On software job interviews: asking the right questions

Sometimes all it takes is a few buzzwords such as microservices, serverless, cloud, DevOps etc for us, software developers, to get excited when reading a job offer – we all like to work with the latest trends, tools and programming languages, but that is not enough if you you want to work on a good team with good practices. Who doesn’t dream about working for a company with a great culture and engineering practices such as Amazon, Microsoft, Facebook, Google or Netflix? I surely do!

One of the mistakes that some software developers do when applying for a new job is not trying to understand what is the level of quality of the current software team of the company you’re applying for – I confess I did that mistake in the past! The technologies might be cool but that doesn’t say much about the team and/or working culture. Just to give you an idea, I worked recently for a company that was using cool technologies but didn’t even have a build server when I started working there! Nor were they using any methodology such as SCRUM. Luckily things improved a bit but it took a while (too long, IMO) before that happened.

So if you want to evaluate the quality of a software team you need to make the right questions – but what are these questions? You might start with the Joel Test, which contains 12 yes-no questions to rate the quality of a software team:

joel-test

Even though the original blog post was written on August, 2000 these questions are still very relevant in 2018, and this test is being used in StackOverflow Jobs portal (where I took the screenshot from), which contains some of the best software development job descriptions out there IMO. I’d love to see these test results in every single software development job description out there!

Other questions you might ask (some are related to Joel Test):

  • Which version control system do you use?
  • Do you write automated tests (unit tests, integration tests, etc)?
  • Do you use Continuous Integration/Continuous Delivery?
  • Do you do code reviews and/or pair programming?
  • Do you use design patterns/SOLID principles?
  • Which tools do you use?
  • Which methodologies do you use? SCRUM? Lean? Kanban? XP? Others?
  • Do you offer technical training to the team members or allow them to attend technical conferences?
  • Do you have technical meetings?
  • (Any other questions that might give you an idea about how the team works or is organised)

That’s it! Remember that a job interview works two ways:

  • A company wants to find the best candidate for a given position
  • A candidate (you!) wants to find the best company/team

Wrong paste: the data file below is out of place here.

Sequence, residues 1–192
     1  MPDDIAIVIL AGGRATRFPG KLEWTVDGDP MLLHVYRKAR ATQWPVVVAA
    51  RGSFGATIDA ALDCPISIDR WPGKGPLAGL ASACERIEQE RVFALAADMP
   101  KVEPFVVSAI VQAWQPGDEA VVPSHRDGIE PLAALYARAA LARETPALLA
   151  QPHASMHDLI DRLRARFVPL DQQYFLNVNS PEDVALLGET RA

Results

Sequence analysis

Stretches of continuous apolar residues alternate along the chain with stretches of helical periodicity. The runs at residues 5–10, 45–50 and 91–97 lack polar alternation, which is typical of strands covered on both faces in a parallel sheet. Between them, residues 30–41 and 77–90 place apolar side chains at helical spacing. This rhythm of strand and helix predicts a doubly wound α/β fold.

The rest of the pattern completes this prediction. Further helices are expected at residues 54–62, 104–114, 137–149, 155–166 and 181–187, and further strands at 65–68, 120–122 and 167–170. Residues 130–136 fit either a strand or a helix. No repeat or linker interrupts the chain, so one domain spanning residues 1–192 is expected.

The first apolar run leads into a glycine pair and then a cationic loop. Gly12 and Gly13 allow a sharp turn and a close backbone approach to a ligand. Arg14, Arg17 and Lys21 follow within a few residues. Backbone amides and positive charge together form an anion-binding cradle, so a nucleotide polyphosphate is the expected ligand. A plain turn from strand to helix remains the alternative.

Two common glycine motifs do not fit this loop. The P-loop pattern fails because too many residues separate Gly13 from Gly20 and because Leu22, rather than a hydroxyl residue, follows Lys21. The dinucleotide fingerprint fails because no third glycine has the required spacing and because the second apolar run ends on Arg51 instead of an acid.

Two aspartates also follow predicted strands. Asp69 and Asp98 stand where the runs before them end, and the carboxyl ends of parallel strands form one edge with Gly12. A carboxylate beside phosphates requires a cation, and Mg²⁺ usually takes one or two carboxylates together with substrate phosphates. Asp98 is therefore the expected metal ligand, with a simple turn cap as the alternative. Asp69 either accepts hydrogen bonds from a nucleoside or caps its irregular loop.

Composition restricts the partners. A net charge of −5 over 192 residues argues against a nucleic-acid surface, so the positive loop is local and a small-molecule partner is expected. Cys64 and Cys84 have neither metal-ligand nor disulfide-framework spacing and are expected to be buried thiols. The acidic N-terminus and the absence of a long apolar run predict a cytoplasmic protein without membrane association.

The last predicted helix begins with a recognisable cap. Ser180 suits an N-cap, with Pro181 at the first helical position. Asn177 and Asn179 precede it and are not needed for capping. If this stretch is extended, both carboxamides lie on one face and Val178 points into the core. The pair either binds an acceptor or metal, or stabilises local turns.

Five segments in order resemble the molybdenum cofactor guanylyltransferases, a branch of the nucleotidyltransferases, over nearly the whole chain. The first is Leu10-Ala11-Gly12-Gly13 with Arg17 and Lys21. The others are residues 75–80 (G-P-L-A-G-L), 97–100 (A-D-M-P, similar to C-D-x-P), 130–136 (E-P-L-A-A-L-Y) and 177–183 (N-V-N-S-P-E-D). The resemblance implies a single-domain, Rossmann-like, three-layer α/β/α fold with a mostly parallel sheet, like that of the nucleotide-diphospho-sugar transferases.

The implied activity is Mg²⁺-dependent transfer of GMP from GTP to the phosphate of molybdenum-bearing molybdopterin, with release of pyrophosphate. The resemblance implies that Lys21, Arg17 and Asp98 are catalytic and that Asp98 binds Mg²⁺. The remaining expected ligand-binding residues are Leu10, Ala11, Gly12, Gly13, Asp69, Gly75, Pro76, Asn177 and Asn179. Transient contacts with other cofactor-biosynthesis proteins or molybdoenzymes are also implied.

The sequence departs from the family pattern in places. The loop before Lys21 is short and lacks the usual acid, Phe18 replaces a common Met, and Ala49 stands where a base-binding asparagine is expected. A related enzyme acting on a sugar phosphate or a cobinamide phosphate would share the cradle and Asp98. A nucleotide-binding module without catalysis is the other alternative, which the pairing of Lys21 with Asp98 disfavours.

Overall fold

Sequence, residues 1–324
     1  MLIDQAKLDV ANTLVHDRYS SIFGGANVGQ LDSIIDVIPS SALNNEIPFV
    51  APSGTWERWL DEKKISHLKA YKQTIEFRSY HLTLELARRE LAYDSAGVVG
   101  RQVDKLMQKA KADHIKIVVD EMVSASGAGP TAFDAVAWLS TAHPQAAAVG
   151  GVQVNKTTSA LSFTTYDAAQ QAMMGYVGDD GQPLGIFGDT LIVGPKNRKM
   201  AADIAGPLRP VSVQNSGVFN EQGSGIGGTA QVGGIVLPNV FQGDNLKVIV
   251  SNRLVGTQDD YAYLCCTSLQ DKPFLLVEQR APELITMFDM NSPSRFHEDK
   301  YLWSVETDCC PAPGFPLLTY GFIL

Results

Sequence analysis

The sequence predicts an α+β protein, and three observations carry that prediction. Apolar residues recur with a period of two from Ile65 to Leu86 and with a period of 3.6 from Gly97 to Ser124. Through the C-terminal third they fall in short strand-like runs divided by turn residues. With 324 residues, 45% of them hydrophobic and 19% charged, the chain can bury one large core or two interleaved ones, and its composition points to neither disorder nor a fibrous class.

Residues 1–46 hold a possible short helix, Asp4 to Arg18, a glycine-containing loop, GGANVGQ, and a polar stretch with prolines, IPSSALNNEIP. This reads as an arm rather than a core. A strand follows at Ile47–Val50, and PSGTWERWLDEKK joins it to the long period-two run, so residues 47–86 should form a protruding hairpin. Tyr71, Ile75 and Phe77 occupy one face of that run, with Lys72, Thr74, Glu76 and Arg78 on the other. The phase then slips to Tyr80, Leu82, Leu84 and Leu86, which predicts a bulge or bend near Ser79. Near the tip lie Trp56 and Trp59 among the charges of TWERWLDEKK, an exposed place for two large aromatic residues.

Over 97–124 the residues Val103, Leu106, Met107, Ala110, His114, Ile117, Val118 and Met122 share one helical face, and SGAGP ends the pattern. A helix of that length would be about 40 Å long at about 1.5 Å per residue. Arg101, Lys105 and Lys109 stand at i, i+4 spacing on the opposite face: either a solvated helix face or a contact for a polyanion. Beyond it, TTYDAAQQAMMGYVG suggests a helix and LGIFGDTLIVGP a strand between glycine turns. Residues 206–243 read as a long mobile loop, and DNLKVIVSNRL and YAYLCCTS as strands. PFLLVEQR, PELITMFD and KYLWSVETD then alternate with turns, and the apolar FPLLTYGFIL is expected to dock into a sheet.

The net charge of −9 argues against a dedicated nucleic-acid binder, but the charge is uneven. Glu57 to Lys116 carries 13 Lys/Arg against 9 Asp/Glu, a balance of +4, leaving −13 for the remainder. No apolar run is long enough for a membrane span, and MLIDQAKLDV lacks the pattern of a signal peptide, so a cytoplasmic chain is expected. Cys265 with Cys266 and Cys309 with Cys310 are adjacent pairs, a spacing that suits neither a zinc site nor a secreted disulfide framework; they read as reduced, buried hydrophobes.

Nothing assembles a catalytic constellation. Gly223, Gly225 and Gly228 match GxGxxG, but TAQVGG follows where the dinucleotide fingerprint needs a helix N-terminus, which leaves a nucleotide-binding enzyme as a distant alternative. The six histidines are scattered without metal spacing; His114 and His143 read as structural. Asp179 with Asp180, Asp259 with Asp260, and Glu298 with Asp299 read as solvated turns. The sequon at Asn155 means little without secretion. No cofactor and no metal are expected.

So the interview it’s not only about answering some technical and HR questions, you need to ask the right questions about the company and working culture too. Don’t be afraid to prepare some sort of check-list containing some of the questions I mentioned above (and others that might be important to you) and ask them somewhere during the interview process – or, as an alternative, send an email asking someone (such as a team leader) to answer them. If it is a good company with good people I’m pretty sure they will get back to you!

This post is on how to rate the quality of a software team but there are many other questions you can (and should!) ask on an interview process – for example, take a look at  The Programmer’s Bill of Rights regarding working conditions for software developers.

Good luck!

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Deploying an Azure WebJob via VSTS without deleting existing WebJobs

The scenario:
I have an Azure App Service that is hosting 5 different WebJobs. I have configured a release on Visual Studio Team Services (VSTS) to deploy each WebJob to Azure, independently from each other.

The problem:
Deploying a WebJob deletes the other WebJobs that were already deployed!!!

Solution:
Tick the “Set DoNotDelete flag” – current files/folders in the App Service in will be preserved while publishing website.

deploy-webjob.png

.NET Guidelines: Should I have one class per file?

I had this discussion many times over the last few years:

  • Should we have a class per file?
  • What about other types such as interfaces, enums, …?

Opinions on this subject vary a lot. This purpose of this article is to provide you some basic guidelines and why you should follow them.

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